Cuban-born Jose Canseco immigrated along with his family to America as a kid in 1965. He made his name as among Major League Baseball’s star batters together with the Oakland Athletics in the mid- to late 1980s. After retiring from baseball in 2001, Canseco reentered the limelight with a tell-all book showing his longtime steroid use, and that of other star baseball players.
Just one year old at that time, Canseco and his family boarded a modest propeller plane to start a fresh life in America. “We’d nothing,” Canseco’s dad remembered.
Capitalizing on his English skills and previous experience as a supervisor for an oil company, Canseco’s driven dad shortly landed jobs as a territory manager for Amoco Oil as well as a part time security guard, enabling him to give a secure American life because of his family. Canseco Sr. was also an enthusiastic baseball enthusiast, and he soon set out to instruct his sons to play the game he loved. Yet, much to his dad’s chagrin, as a son Canseco was an average baseball player. “You are likely to grow up and work at Burger King or McDonald’s,” the slugger after remembered his dad yelling at him when he neglected to shine on the baseball diamond. “You will never add up to anything.”
Canseco attended Coral Park High School in Miami, where he continued to fight with baseball. Although he sometimes showed flashes of a extraordinary natural ability in the plate, Canseco was painfully inconsistent, neglecting to produce the varsity squad through the initial three of his four years in high school. Eventually he loved a true breakout season, showing fearsome power in the plate, and was again named team MVP.
The A’s sent him to play because of their Premier League team in Idaho Falls, Idaho, where Canseco brought in $600 a month on his first minor league contract. “Seven or eight of us all lived together in a location which was virtually condemned; it was such a dump,” Canseco afterwards recalled. “It’d no heater, no nothing, and in the event you wished to make use of the toilet, you’ll need to hold back until you went to the ballpark.”
While he was fighting adapting to life in the minor league, Canseco’s body started to experience a remarkable change. As an 18-year old in 1982, Canseco was so scrawny that one opposing pitcher joked he could hula hoop with a Cheerio. From the time he made his Major League debut three years after, Canseco had transformed right into a hulking giant with all the physique of a bodybuilder. Although in the time he credited the change to an intensive workout regimen, he’s since acknowledged that those years marked the start of his steroid use.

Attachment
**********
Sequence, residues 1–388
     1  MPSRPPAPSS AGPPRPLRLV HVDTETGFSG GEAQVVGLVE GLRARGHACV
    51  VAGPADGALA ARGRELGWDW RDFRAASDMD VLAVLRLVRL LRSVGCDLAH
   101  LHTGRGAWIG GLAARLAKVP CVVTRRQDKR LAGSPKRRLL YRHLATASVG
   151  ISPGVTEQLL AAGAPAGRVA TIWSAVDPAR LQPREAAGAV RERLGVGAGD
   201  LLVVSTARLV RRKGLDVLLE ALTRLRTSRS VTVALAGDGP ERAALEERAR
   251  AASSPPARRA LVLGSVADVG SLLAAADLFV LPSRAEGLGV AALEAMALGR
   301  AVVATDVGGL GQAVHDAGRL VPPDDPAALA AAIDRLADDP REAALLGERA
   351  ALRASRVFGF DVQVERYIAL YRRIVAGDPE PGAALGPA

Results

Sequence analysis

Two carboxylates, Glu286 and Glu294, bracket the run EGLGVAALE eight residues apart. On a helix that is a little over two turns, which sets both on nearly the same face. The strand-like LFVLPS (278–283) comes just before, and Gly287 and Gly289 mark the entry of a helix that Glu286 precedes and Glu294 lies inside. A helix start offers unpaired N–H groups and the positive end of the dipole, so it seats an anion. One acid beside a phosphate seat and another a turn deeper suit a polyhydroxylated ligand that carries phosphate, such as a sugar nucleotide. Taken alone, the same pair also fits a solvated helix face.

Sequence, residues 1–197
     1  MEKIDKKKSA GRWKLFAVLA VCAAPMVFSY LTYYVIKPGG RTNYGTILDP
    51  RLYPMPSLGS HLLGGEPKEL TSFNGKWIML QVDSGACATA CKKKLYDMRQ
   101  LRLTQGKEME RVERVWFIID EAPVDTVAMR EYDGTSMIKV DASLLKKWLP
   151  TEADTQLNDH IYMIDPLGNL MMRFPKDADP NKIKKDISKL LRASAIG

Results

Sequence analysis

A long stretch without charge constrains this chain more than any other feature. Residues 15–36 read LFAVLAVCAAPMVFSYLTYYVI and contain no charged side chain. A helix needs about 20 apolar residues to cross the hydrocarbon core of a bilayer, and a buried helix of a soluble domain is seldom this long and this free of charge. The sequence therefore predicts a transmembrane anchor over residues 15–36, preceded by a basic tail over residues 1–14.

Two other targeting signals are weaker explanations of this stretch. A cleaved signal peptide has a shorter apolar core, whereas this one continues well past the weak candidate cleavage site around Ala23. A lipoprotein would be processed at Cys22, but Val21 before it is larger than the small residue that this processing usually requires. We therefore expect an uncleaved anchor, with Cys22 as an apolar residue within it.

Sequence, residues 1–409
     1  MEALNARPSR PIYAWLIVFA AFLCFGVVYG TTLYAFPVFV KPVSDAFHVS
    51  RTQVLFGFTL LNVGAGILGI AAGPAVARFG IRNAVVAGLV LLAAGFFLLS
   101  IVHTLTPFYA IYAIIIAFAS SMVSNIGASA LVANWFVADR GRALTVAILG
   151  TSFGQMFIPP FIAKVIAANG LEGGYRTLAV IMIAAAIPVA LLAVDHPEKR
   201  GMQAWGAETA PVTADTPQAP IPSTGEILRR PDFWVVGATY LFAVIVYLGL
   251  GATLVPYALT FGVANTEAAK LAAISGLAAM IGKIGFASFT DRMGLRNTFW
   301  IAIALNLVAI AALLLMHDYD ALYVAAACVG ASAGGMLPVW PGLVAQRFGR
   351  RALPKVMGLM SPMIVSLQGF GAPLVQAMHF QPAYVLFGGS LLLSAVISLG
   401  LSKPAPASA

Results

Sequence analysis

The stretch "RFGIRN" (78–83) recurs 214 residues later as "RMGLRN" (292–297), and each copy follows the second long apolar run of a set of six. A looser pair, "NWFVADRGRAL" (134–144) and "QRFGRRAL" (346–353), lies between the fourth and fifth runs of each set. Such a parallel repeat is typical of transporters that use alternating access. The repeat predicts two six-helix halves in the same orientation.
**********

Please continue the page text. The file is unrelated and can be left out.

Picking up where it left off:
Canseco made his debut together with the Oakland Athletics at the center of the 1985 season and was immediately discovered success in the Major League level, batting an impressive .302 in his rookie season.
In 1992, the A’s traded Canseco to the Texas Rangers, where he spent three years putting up productive amounts without ever actually matching the dominant play he’d shown in Oakland. In 1995, Canseco moved to the Boston Red Sox, where he played two largely unremarkable seasons. After returning to the Athletics to get a single-season cameo in 1997, Canseco played most of the following three years together with the Toronto Blue Jays (1998-2000). He had a short stint together with the New York Yankees at the start of the 2000 season. Late-career highlights contained a astonishing 46-home run season with all the Blue Jays in 1998 a second World Series tournament, won with Toronto in 2000.
Canseco completed his illustrious baseball career with 462 home runs, six all star choices, one American League MVP award and two World Series tournaments.
But Canseco’s biggest impact on the sport of baseball could have come after his retirement. In 2005, he wrote Juiced, a tell-all book showing his own longtime steroid use and maintaining that misuse of performance-enhancing drugs was nearly omnipresent among baseball’s top stars. Enormous stars Canseco outed as steroid users comprised Mark McGwire, Rafael Palmeiro and Jason Giambi.
“The challenge isn’t to uncover a top player that has used steroids,” he wrote in his novel. “The challenge will be to uncover a top player who has not.” The claims included in Canseco’s book helped start the 2007 Mitchell Report, the culmination of a 21-month investigation into steroid use in Major League Baseball headed by Senator George Mitchell.
In 2008, Canseco wrote another novel, Vindicated, which further elaborated on the area of steroids in baseball and accused cleancut New York Yankees star Alex Rodriguez of using the drugs. Rodriguez finally admitted to juicing before in his career, though he insisted he’d quit using steroids years before.
In 1988, Canseco wed Esther Haddad, and they stayed married for 3 years until divorcing in 1991. Then he married a Hooters waitress named Jessica Sekely in 1996, however they too divorced in 2000. Both of Canseco’s ex wives mentioned episodes of domestic violence as the reason for divorce.
After observed as one among the most famous stars in Major League Baseball, Canseco’s name has since become almost interchangeable using the game’s “steroids age.” While some revile Canseco for steroids exploitation and after that ratting out former friends and teammates, others respect him for being courageous enough to blow the lid off Major League Baseball’s wild issue with performance-enhancing drugs. Canseco himself expresses little sorrow for his options, either in days gone by or in the present. “I wished to be the best baseball player on the planet,” he said. “That was my aim, my only aim, really, and that I never let matters stand in the manner of my targets. So because sense, no, I am not embarrassed of it.